easy pass for small quantities of dry bulbs

William Aley aley_wd@me.com
Mon, 24 Jan 2011 07:39:34 PST
It's a difficult dilemma for bulbs, when there are plant pests that  
only manifest during the green stage.  Even a phytosanitary  
certificate cannot verify that there are no hidden pests and  the  
challenge will be convincing scientist- pathologists, nematologists  
and entomologists that any bulb is free of all plant pests without  
conducting destructive analysis to verify this.  I am open to  
suggestions, ideas and solutions.

Joyce has asked us in the past about what it would take to have a  
small lots of plants permit and we have the scientists reply with "how  
do you know the bulbs are free of plant pests?"

That is the purpose of the NAPPRA, which will require a pest risk  
assessment before any Genera and or Species will be considered  
generally enterable. This is another LONG winded topic.

As I mentioned earlier, seeds are for the most part free of many  
destructive plant pests. Other plant parts have pathways for plant  
pests: stem borers, leaf minors, egg layers, cankers, galls, cysts,  
spores and fungus each plant pest has a particular process to ensure  
survivability and in this modern era transportation to a new  
environment.  I don't think anyone in this group wants to be known as  
the importer responsible for a blight,  new rust or plant pest that  
uses the imported plant as primary or an alternative host which might  
attack other plants both commercial or for hobbyists.  For regulators  
there is the balance between enough information to have a high level  
of confidence  and pest freedom and not so restrictive to be a barrier  
for  free trade.

One new pest out break can cost thousands to millions of dollars to  
clean up.

Take Hosta X virus, not even a quarantine pest but a quality plant  
pest that the Hosta Folks are very concerned about, each shipment  
imported into the USA must pass a screening to have only a total of  
plants below a 5% contamination per shipment, the individual test is  
not cheap and someone pays for the test, time and validation during  
the in inspection, you do as it's all funded by taxpayer and user  
fees. Would anyone-one be willing  to pay $300 for an import permit to  
fund inspection and verification at the port of entry for any  
particular shipment? Usually there is a universal no to that question  
and then our managers must balance perception with the current trend  
to make government smaller.
But we still have pests like emerald ash borer that will make American  
Ash tree go the way of the American Chestnut, Asian longhorn beetles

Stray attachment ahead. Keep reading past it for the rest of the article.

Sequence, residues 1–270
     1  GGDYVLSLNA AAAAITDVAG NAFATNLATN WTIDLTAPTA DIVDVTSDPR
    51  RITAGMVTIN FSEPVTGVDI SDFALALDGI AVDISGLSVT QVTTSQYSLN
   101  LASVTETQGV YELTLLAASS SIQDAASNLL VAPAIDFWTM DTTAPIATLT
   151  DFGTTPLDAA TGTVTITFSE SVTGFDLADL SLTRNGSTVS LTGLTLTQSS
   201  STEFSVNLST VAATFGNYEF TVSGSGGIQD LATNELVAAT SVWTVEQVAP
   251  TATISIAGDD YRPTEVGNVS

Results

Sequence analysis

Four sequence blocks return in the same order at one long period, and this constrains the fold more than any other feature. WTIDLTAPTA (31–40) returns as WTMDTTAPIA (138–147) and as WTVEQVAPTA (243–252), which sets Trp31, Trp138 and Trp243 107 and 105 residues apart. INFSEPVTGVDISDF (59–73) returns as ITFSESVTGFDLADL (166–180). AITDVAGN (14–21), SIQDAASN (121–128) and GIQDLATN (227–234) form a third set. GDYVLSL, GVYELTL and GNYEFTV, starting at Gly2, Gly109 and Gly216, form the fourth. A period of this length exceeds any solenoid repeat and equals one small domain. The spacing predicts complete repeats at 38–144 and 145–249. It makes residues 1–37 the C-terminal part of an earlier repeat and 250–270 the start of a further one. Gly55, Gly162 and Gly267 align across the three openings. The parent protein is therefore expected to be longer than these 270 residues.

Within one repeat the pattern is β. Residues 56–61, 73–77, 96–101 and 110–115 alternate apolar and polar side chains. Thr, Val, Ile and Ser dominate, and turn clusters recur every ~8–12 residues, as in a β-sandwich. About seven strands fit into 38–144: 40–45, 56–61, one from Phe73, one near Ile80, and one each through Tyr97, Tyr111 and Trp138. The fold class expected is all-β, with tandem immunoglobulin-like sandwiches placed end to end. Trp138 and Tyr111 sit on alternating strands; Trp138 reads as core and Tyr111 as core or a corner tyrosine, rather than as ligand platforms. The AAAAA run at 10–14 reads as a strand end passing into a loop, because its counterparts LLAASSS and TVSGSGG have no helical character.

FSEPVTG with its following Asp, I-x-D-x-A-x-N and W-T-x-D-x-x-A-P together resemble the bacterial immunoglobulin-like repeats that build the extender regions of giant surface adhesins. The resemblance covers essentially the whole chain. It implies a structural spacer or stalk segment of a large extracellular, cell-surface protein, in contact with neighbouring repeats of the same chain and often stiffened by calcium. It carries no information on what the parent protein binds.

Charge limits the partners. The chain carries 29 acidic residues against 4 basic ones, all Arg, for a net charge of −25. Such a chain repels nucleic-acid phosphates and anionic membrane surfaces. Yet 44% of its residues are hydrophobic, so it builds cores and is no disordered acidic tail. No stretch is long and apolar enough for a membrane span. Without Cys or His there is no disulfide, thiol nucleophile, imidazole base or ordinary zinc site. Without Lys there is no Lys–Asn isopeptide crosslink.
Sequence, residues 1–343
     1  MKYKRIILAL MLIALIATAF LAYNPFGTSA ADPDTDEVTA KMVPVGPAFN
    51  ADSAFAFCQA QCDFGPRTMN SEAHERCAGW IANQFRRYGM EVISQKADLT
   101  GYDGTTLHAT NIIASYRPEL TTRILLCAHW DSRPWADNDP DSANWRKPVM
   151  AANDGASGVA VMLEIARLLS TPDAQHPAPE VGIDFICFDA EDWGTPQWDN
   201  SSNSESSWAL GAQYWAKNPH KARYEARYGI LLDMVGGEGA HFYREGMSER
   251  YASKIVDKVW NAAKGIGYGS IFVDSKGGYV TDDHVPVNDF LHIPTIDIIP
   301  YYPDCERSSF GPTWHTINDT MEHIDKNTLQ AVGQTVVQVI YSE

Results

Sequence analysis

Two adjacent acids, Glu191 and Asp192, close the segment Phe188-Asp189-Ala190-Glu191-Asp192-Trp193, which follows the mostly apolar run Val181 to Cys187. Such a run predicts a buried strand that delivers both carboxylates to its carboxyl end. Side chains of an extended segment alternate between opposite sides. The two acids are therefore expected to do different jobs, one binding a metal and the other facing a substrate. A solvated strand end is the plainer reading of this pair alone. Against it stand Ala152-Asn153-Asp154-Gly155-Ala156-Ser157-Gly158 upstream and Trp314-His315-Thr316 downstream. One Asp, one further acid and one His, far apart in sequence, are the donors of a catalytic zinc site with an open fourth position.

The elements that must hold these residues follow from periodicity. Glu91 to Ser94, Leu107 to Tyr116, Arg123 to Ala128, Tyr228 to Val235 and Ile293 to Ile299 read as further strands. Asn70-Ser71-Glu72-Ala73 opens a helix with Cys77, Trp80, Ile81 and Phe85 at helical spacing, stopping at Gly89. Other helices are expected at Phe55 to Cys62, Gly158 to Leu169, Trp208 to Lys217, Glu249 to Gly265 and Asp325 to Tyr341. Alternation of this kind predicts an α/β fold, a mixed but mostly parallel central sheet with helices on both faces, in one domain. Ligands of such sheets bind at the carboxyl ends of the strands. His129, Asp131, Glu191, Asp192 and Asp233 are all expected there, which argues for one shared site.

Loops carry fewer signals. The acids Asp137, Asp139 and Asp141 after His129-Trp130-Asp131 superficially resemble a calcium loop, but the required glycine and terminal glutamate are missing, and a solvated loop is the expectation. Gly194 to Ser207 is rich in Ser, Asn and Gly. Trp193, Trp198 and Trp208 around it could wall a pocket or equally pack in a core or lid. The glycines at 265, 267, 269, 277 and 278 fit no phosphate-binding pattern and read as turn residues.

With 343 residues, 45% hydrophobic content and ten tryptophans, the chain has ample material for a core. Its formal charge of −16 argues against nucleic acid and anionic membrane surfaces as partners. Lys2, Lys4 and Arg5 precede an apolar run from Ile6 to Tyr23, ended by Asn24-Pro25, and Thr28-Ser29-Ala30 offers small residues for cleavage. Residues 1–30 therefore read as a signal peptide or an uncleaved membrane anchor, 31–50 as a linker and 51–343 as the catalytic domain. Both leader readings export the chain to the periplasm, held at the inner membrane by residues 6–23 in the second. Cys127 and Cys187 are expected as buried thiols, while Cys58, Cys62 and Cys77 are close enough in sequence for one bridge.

that feed uncontrolled on hardwood trees. Barberry rusts that  
overwinter on barberries and kill certain annual grasses like wheat.  
Don't even get me started on Phytophthora.

Our entire staff works to look for the balance and constructive  
suggestions are always welcomed, were just folk who have this as our  
job, just like many of you deliver or make or fix something for a  

Our staff  has no problem giving credit where it is due when folks  
come up with great solutions to the existing dilemmas as the rules we  
have now are what have been in place at least from 1979 and often way  
before that. Any positive movement to that balance would be an  
improvement. But remember that many people view us as the plant nazis  
or mindless bureaucrats who live for the opportunity to screw over the  
population. There is a reason why many of my counterparts refuse to be  
in a public forum to discuss these issues and their absence is often a  
reflection of vitriolic comments from folks that think they know a lot  
but may be missing some of the information, understand the rules that  
restrict or control legal options  or even the history of how we got  
to this place we are at today.

To be honest, we in the regulatory side don't have all the answers, I  
don't think we claim to be the experts in everything. Often groups  
that have an affinity for a particular subject are far more equipped  
at being experts because they have a collective passion for the  
subject. I really believe that one of you may just come up with a  
suggestion that would work and make sense or galvanize a collective to  
accept a stance not previously thought of.
Individually each of us have our passions and needs and wants, but  
collectively the resources and knowledge is far greater and that when  
harnessed can help make this little , tiny, slow moving and often  
insignificant part of government work just a little bit better so more  
people have a level of satisfaction rather than disappointment.  
Perhaps that's what's meant by saying, "We the people"

Bill's soapbox about import options

On Jan 24, 2011, at 8:24 AM, r de vries wrote:

> Great idea!
> but they still have to be free of dirt and bugs and will likely  
> require someone to certify that....
> Rimmer de Vries
>  Michael Mace wrote:
>  And in the meantime, I think it would be *great* to see if we can
> get something similar to the small lots of seed program applied to  
> small
> quantities of dry bulbs.  I'm interested in pursuing that. Is anyone  
> else
> interested?
> Mike
> _______________________________________________
> pbs mailing list
> pbs@lists.ibiblio.org
> http://pacificbulbsociety.org/list.php
> http://pacificbulbsociety.org/pbswiki/

William Aley

More information about the pbs mailing list